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It is about the working conditions in certain area of photography, important especially to those professionals who frequently work in the area. But maybe this is not a fit question here, since there is no one correct answer to it. Similar to "how do you remember to reset settings" question. –  Esa Paulasto Aug 18 '13 at 21:37
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I think it fits well because it is about a photography situation and can be definitively answered just as well as any question about what to look for in situation x, which we have many questions of that type. –  AJ Henderson Aug 18 '13 at 22:54

6 Answers 6

up vote 4 down vote accepted

I would certainly emphasize the need to address this concern quickly. Even if you can't feel the buzzing after, some hearing damage could still be occurring. With the buzzing, it means significant damage is being done every time. Your hearing will deteriorate quickly and has already been permanently damaged as a result of your exposure thus far. Anyone working front of stage should have good hearing protection as the volume levels are incredibly intense, particularly for big venues (since the speakers have to cover a bigger area), but still bad enough for medium ones and even some louder small venues.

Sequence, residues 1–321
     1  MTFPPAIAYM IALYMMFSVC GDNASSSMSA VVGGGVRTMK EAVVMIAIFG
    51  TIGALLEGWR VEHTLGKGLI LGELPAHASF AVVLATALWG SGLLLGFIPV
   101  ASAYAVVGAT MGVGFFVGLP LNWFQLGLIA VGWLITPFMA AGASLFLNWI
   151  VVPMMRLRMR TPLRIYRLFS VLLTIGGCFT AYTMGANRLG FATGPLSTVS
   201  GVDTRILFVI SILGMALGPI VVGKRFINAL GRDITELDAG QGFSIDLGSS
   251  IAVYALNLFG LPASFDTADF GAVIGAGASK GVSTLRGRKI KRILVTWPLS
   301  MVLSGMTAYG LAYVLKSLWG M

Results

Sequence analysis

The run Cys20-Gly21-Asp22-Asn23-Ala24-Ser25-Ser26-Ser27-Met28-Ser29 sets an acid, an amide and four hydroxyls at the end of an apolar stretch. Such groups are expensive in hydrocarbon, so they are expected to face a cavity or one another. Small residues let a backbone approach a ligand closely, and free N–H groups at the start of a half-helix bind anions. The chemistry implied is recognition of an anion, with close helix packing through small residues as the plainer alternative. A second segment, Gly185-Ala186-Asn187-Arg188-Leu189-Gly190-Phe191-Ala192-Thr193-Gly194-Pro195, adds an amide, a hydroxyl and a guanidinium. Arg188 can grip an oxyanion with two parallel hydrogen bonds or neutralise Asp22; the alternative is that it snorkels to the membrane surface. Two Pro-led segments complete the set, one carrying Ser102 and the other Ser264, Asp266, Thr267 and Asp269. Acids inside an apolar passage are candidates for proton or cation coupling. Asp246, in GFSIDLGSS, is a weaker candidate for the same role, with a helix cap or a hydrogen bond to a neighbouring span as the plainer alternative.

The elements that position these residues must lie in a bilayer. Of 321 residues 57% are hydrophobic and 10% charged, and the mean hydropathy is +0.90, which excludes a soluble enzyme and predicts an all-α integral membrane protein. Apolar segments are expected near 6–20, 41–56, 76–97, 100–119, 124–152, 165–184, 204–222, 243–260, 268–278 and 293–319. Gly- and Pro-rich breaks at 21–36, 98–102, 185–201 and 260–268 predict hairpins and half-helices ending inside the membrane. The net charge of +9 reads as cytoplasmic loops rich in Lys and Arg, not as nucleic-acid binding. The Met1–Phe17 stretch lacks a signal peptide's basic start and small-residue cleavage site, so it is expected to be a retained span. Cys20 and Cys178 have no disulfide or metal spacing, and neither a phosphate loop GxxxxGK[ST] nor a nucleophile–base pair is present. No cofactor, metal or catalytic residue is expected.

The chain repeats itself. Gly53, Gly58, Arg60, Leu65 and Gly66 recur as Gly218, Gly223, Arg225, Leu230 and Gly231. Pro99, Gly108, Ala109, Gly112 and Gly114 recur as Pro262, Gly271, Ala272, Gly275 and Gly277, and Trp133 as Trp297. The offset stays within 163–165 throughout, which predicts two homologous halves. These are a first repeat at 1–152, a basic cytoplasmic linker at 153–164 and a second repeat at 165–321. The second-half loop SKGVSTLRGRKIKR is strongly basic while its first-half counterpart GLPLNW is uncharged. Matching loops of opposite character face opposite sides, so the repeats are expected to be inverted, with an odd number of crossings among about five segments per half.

You have two main classes of earplugs to choose from. There are acoustically accurate earplugs, which cost a bit more and don't reduce sound as much, but they include a sound channel to allow you to hear much less distorted audio through them while still providing a lot of protection.

The other option is to get standard earplugs that are rated for the highest possible level of dB reduction. They will distort the audio you hear, but are also much cheaper and provide the highest level of protection possible. While they distort enough that you couldn't use them for audio mixing or monitors for a musician, you should still hear things well enough to be able to tell what is happening and anticipate what is coming up.